Author: tenderloin

China has to moral responsibility to restore the nation of Sikkim,   [Copy link] 中文

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Post time 2017-7-23 13:56:20 |Display all floors
This post was edited by Chinaman2017 at 2017-7-23 13:58
manoj10 Post time: 2017-7-23 13:50
If we weren't vigilant Nepal, Bhutan and Sikkim would have been one of Chinese provinces.

Yes, India has the reasons and rights to be vigilant, but not in a way of intrusion into other's border. You got to be vigilant in a legal way.
You can set up missile platforms, radors or wotever, just WITHIN your border. It's all your rights, but not intrusion.

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Post time 2017-7-23 14:26:57 |Display all floors
The underlying cause is that China's road building posts a threat to India's ambition on eastern annexation. India is just trying to make any excuses to curb China's road building. However, no matter how she tries, the road will be completed and India's dream of eastern annexation is broken. "A cop is prohibiting India from stealing".

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Post time 2017-7-23 17:03:18 |Display all floors
Chinaman2017 Post time: 2017-7-23 10:56
Yes, India has the reasons and rights to be vigilant, but not in a way of intrusion into other's bo ...

I told you before we found a new map that show half of tbit inside the old Indian empire. So we claim it now.

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Post time 2017-7-23 17:59:38 |Display all floors
manoj10 Post time: 2017-7-23 17:03
I told you before we found a new map that show half of tbit inside the old Indian empire. So we cl ...

The point is the existing border is already recognised by both China and former Indian govts. Wot's the old map for? China also has old maps for the past 2000 yrs.

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Post time 2017-7-24 07:37:44 |Display all floors
A multi-polar world is inherently unstable, even if a unipolar world may have its downsides as well.  Both are part of the reality we live in.  The clash between India and China is just one of many conflicts now erupting all over the world, between regional and global powers, and among rivals in each category.  It may be about territory (well, that's the easy part), about religion (that's the hard part), about money (the universal currency of conflict), or about resources (depends on what you have and what you need).  At times, it could be just about honor and pride.  Whatever is the cause, there will be increasing opportunities for conflicts between countries and groups of countries.  The pressures of world over-population, climate changes, epidemics, and shortages of food and other necessities increase the chances for more competition and rivalry.  

If even the remote regions of the Himalayas, long dormant are now turning into hot spots of conflict, what other regions of the world will not become one, overnight?  The longer India and China can contain this conflict, the better it will be for both, in the context of the cauldron of the world coming to a boil.  The quicker they get into a fight, the worse it will be for both.  Even if the conflagration may eventually reach other countries, the place where the fire started, often is worst burnt area of them all.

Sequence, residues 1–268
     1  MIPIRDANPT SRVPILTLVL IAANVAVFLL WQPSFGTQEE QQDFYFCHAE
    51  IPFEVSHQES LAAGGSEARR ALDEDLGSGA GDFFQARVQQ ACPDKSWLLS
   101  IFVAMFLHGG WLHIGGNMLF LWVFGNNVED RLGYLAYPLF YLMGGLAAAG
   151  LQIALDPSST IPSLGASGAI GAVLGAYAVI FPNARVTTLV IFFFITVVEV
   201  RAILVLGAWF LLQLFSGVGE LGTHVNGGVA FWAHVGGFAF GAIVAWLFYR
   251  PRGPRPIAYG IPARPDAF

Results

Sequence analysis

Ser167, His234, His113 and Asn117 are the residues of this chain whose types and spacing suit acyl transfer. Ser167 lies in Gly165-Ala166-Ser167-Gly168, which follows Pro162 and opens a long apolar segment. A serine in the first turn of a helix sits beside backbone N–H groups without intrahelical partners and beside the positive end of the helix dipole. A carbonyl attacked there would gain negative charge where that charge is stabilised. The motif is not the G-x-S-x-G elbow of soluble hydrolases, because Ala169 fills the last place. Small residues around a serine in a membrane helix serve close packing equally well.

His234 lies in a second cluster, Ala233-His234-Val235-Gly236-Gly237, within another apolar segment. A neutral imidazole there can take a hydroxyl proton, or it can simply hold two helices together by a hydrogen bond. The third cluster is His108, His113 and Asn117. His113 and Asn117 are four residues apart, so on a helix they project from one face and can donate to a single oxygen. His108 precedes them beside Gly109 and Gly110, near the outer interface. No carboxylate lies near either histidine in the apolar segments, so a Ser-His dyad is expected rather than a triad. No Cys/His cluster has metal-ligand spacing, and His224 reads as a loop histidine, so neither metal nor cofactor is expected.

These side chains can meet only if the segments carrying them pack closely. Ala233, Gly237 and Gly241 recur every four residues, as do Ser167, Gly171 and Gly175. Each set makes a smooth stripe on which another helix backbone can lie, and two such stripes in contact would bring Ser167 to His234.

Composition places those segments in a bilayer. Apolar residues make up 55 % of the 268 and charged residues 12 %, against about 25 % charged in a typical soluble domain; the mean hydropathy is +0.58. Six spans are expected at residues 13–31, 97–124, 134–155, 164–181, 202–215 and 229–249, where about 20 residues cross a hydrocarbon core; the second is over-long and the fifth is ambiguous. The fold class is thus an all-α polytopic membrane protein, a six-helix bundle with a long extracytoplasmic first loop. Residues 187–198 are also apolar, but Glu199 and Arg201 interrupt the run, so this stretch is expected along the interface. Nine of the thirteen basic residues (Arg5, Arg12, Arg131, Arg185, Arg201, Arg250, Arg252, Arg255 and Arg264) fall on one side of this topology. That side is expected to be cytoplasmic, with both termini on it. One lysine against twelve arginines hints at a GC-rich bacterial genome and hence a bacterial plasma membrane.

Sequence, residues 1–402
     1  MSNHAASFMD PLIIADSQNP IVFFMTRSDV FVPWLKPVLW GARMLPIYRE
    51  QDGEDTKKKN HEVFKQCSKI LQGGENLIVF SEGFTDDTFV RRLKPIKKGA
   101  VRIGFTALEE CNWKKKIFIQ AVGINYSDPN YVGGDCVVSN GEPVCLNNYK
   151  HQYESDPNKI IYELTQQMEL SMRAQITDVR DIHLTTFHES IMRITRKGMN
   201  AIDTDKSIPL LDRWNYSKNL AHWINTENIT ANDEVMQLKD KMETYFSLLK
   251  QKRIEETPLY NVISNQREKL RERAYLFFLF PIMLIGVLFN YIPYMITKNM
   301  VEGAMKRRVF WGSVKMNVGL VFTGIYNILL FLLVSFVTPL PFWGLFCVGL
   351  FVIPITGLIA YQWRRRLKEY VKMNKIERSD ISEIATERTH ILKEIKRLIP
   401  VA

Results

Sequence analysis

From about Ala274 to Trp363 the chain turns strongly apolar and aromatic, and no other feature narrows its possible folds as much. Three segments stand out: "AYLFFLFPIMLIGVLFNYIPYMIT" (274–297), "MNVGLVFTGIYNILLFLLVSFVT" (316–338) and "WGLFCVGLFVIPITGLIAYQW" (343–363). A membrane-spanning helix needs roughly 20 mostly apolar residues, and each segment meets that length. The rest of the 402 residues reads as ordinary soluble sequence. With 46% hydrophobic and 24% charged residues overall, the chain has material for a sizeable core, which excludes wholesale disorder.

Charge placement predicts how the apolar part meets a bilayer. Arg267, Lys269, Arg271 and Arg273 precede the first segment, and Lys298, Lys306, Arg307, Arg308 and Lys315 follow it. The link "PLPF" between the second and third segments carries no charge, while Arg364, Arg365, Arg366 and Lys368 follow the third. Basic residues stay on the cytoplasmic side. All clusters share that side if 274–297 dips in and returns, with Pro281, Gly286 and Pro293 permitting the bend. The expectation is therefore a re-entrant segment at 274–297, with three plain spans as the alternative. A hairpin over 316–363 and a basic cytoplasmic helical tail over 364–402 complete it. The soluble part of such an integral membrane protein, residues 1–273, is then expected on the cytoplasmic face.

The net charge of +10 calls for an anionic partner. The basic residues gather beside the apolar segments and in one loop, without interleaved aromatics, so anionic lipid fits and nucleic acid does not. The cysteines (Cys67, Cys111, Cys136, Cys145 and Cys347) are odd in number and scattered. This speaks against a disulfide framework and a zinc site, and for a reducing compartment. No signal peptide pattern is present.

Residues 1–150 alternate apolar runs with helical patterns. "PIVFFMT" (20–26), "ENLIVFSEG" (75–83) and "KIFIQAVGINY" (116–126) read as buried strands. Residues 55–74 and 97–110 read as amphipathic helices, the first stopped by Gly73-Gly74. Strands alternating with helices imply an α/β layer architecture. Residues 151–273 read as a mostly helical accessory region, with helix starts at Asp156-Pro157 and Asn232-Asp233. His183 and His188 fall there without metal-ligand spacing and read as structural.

Will Bhutan in the land of Shiva be the Ground Zero for a Pan-Asian conflict?  The days of Tripitaka, the abbot of the Tang Imperial Palace, when he journeyed through this area, may have long been past, but the devils and demons that he confronted and defeated, may have escaped from their prisons to stir up trouble for the lands below.  Bhutan's King should think twice before he lets loose the demons of destruction on the peaceful mountain slopes guarding his flock.  Asking India to send an army to drive out the true owners of Donglang does not guarantee victory, only bloodshed.

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Post time 2017-7-24 09:42:48 |Display all floors
Chinaman2017 Post time: 2017-7-23 17:59
The point is the existing border is already recognised by both China and former Indian govts. Wot' ...



Hmmm, really?

Who made these "old maps" for the past "2000 years"?

Remember, Tibet was never part of China until the Mongolians decided to make it part of their Mongolian empire. The Chinese got rid of the Mongolians, as did the Tibetans, but then the Chinese claimed Tibet as their part though they did not have the guts to invade it. This happened eventually when another foreign nationality conquered China and then Tibet and East Turkestan.

The CHinese never drew any map. They may have "inherited" inexact maps drawn up by Tibetan warlords and lamas.

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Post time 2017-7-24 09:45:18 |Display all floors
Chinaman2017 Post time: 2017-7-23 14:26
The underlying cause is that China's road building posts a threat to India's ambition on eastern ann ...



Why is China building a road in such a desolate and sensitive area far from population centres?

It is clear that China is playing a Machiavellian game.

The road in fact hogs Bhutan, and the Bhutanese say, enters Bhutanese terrain. Surely if the Chinese had any genuine logistics concerns they would widen the existing road that leads to the Nathu La pass that marks the boundary between Tibet and Sikkim.

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